In the previous articles in this series, we looked at what knowledge management means and why it is important for an in-house department to deploy. But, how can you make sure you are doing it right? Where should you start, and what is the best angle? In this final part of the series on knowledge management, we will outline the importance of promoting a knowledge sharing culture as part of implementing any knowledge management practices and five steps you can take to make it happen.

Knowledge Relies on Culture

Knowledge management can only exist if your culture encourages a free-flowing exchange of ideas. In order for people to be willing to capture, retain and share their knowledge, organisations must maintain environments that foster a culture of continuous learning. The reason continuous learning needs to be valued is that knowledge management is a long-term strategy. If your organisation is always focussed on short term or immediate objectives, it can be difficult for knowledge management to have a meaningful impact. 

For example, storing a document in the document management system using the wrong labelling will not prevent your team from completing a transaction. In the longer term, however, it will create inefficiencies and slow down the process for others. 

Because dedicating time to knowledge management does not generate immediate value, it is important for lawyers in your department to be supported by:

  • a management team that values knowledge management; and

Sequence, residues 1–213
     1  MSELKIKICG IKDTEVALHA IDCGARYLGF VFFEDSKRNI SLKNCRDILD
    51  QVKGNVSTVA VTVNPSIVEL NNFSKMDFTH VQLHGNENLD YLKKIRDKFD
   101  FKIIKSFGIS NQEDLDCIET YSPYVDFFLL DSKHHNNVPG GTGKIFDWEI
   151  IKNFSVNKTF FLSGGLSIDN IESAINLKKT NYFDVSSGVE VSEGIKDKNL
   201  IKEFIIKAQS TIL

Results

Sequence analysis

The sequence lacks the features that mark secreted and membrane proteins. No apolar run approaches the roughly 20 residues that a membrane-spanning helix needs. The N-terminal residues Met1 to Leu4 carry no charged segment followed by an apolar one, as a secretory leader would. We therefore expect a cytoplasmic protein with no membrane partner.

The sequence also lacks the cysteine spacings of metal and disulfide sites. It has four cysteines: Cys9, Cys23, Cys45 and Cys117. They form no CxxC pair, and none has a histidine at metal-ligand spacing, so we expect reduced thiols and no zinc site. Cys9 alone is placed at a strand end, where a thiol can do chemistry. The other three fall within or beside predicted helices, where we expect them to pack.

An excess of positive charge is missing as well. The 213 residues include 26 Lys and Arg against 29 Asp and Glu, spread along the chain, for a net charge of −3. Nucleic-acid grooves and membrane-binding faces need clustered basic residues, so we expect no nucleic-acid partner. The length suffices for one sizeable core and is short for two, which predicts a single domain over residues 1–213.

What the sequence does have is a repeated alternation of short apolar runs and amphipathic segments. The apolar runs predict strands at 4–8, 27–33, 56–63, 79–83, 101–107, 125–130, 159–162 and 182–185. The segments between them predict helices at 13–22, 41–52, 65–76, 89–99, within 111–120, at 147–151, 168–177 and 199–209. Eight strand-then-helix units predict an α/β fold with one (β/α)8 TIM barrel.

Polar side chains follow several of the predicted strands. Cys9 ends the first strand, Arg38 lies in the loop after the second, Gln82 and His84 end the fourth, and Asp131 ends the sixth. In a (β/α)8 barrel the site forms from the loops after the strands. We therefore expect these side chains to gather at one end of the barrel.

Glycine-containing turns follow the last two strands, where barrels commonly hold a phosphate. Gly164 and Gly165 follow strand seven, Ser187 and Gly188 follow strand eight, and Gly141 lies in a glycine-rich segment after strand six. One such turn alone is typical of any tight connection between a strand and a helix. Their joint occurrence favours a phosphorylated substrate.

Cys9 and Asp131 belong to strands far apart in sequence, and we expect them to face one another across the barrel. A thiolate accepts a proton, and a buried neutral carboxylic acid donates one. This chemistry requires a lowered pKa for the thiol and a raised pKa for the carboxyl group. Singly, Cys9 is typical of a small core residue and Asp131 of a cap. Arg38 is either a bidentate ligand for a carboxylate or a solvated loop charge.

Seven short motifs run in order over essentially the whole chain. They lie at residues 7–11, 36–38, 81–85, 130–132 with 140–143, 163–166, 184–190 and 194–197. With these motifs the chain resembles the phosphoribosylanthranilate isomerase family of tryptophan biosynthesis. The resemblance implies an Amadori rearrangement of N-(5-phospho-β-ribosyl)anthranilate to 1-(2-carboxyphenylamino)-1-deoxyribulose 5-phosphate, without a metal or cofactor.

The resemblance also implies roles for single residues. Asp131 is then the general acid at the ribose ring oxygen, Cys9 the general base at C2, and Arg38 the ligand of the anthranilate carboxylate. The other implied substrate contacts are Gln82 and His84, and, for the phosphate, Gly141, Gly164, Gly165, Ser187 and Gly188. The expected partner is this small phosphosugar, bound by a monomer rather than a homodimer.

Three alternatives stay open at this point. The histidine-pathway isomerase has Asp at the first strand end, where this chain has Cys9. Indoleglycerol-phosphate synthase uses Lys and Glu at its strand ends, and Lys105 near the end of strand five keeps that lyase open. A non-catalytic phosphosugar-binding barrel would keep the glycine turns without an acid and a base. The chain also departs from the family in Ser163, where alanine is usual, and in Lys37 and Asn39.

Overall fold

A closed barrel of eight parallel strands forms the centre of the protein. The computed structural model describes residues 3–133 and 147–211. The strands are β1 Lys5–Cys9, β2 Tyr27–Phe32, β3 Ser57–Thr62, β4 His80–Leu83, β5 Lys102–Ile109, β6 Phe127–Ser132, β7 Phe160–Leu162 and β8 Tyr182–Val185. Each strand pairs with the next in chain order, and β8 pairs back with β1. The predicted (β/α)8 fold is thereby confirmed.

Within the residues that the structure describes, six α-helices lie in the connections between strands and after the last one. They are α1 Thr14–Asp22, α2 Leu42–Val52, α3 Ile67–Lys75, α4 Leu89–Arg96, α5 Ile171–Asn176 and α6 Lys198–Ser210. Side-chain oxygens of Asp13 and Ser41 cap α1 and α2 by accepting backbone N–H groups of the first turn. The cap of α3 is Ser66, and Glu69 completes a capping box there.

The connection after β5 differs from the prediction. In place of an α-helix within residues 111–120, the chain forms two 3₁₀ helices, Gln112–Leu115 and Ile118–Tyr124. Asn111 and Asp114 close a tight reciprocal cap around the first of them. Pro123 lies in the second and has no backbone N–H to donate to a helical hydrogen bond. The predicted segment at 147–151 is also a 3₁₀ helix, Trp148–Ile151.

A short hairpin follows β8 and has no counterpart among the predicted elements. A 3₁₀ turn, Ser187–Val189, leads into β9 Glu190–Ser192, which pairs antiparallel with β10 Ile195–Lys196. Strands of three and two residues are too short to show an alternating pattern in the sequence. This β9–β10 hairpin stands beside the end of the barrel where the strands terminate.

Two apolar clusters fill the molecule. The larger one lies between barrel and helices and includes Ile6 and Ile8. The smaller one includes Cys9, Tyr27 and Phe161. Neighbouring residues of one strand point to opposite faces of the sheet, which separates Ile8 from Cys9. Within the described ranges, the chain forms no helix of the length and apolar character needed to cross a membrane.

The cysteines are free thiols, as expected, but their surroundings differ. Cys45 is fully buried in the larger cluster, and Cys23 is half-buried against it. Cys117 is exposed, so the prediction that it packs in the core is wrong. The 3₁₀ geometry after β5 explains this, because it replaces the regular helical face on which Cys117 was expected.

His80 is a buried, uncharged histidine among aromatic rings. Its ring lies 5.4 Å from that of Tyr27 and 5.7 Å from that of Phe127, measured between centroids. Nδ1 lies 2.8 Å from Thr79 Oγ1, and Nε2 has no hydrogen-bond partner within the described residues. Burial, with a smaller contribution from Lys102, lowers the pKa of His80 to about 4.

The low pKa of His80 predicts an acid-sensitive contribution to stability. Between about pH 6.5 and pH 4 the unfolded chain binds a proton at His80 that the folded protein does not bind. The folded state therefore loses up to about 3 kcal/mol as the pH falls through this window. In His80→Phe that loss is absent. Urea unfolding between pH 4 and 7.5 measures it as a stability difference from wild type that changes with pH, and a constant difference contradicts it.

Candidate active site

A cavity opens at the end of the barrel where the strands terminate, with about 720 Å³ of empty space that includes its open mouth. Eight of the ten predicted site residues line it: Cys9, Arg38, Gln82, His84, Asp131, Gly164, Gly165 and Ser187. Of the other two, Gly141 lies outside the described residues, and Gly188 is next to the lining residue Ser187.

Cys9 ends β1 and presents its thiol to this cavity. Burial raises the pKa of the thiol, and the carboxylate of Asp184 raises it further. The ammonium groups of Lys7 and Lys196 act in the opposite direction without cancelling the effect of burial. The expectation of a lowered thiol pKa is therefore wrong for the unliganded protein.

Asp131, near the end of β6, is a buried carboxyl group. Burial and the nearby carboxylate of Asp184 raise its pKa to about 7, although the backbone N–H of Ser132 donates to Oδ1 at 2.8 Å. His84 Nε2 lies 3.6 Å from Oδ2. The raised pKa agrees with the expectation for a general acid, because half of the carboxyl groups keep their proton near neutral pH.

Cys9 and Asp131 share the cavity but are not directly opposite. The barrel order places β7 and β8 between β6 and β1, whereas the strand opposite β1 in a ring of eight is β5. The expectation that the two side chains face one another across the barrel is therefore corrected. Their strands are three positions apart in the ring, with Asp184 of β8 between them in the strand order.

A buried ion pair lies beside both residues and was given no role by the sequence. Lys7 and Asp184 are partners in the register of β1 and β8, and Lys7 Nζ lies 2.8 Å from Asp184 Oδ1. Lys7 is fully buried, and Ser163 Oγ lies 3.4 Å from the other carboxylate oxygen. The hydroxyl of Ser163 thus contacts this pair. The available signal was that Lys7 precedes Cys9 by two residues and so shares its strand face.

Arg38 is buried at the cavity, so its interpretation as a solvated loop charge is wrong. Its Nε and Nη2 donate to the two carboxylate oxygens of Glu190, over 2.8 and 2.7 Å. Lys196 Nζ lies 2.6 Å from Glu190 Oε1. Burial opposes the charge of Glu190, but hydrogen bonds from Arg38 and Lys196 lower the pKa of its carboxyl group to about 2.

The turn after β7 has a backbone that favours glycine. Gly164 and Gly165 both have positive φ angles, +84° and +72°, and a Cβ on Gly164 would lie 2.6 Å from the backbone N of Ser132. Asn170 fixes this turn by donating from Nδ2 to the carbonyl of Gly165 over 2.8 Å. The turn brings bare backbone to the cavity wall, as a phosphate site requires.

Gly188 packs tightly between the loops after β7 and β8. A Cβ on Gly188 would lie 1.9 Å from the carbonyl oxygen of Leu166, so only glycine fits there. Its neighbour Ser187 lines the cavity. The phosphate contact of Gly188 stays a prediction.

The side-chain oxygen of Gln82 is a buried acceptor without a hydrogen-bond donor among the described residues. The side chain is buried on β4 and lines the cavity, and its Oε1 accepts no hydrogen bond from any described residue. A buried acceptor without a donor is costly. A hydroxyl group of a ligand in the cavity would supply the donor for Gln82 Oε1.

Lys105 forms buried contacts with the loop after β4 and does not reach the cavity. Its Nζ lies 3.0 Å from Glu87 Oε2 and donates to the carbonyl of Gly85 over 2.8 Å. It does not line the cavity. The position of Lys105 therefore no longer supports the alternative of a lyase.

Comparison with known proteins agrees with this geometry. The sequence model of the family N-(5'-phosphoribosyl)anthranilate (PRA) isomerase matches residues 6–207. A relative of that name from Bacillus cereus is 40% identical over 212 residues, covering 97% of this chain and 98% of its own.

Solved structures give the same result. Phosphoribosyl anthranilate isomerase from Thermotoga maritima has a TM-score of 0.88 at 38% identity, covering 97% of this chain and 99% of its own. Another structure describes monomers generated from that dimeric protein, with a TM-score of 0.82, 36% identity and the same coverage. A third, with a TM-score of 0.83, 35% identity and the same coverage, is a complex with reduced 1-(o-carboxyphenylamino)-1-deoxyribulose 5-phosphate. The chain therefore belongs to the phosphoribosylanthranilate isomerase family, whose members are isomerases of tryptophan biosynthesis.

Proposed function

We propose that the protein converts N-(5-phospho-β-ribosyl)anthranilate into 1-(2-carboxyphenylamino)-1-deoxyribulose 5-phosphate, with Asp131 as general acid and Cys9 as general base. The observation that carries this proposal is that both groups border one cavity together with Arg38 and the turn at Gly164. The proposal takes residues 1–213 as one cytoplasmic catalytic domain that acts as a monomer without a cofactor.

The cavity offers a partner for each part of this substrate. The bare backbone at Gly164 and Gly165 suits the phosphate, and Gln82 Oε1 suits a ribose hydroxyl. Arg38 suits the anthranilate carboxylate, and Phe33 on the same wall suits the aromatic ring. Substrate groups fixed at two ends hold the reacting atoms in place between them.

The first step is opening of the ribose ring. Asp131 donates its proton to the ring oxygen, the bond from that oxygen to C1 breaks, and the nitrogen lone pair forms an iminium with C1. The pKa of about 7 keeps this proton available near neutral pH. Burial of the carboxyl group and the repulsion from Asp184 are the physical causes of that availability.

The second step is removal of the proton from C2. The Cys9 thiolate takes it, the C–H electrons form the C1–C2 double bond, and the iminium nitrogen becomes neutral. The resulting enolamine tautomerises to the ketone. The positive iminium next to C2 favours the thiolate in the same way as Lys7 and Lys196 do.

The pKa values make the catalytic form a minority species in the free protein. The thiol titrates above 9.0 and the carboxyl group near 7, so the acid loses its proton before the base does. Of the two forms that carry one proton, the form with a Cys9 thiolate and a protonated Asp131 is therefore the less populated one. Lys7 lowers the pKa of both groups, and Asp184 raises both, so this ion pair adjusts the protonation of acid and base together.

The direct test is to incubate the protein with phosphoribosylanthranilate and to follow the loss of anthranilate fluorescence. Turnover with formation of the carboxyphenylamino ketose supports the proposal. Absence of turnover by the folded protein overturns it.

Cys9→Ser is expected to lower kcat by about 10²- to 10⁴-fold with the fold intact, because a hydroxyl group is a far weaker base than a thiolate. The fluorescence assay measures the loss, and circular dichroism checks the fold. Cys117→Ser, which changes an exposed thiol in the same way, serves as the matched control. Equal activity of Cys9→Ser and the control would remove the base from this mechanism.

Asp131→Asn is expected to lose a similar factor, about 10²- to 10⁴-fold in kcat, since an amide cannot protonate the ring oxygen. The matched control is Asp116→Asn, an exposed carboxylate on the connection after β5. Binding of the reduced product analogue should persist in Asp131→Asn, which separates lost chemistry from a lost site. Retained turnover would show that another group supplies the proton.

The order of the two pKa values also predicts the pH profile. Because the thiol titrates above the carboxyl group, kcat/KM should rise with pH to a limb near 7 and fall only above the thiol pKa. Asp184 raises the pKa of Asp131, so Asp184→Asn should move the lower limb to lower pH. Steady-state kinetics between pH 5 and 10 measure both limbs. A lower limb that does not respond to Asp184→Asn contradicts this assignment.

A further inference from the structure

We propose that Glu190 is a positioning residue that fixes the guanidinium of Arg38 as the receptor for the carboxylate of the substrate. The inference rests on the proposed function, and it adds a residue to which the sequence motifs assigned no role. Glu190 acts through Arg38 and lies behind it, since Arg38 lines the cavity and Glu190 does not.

• an organisation that recognises that effort.

To build a knowledge sharing culture, there are five key steps.

Step 1: Demonstrate that Management is Highly Supportive

You are more likely to successfully implement knowledge management if managers recognise it as an important strategic initiative. Lawyers need to feel a sense of urgency, otherwise they may not be incentivised to adapt their workflow.

In addition to support at management level, it is also necessary that senior lawyers in a team embrace the initiative and use the knowledge management tool. Otherwise, it is unlikely that other members of their team will do so. Knowledge sharing ultimately relies on teamwork: you can only know what someone else has shared with you or made available to you. It is therefore important: 

  • to reward and encourage lawyers working together towards a common objective; and 
  • for your team to be inspired by senior team members who support the strategic initiative of developing better knowledge management practices.

Step 2: Communicate the Importance of Knowledge Management

Highlighting the benefits of knowledge management to lawyers can go a long way to building a knowledge sharing culture. It can be helpful to use practical examples of how lawyers can use the knowledge management tool to improve their day to day work, referring to pain points in the current process that a clear knowledge management strategy will eliminate. You will be even more persuasive if you are able to touch on obstacles that the team has raised in the past.

As part of this step, it can be valuable to establish a clear communication plan from the outset which outlines: 

  • how you will explain the high-level steps of the initiatives; and 
  • how and when you plan to roll out the initiative.  

You can also decide how you will adapt your narrative depending on the audience and who you are trying to get on board.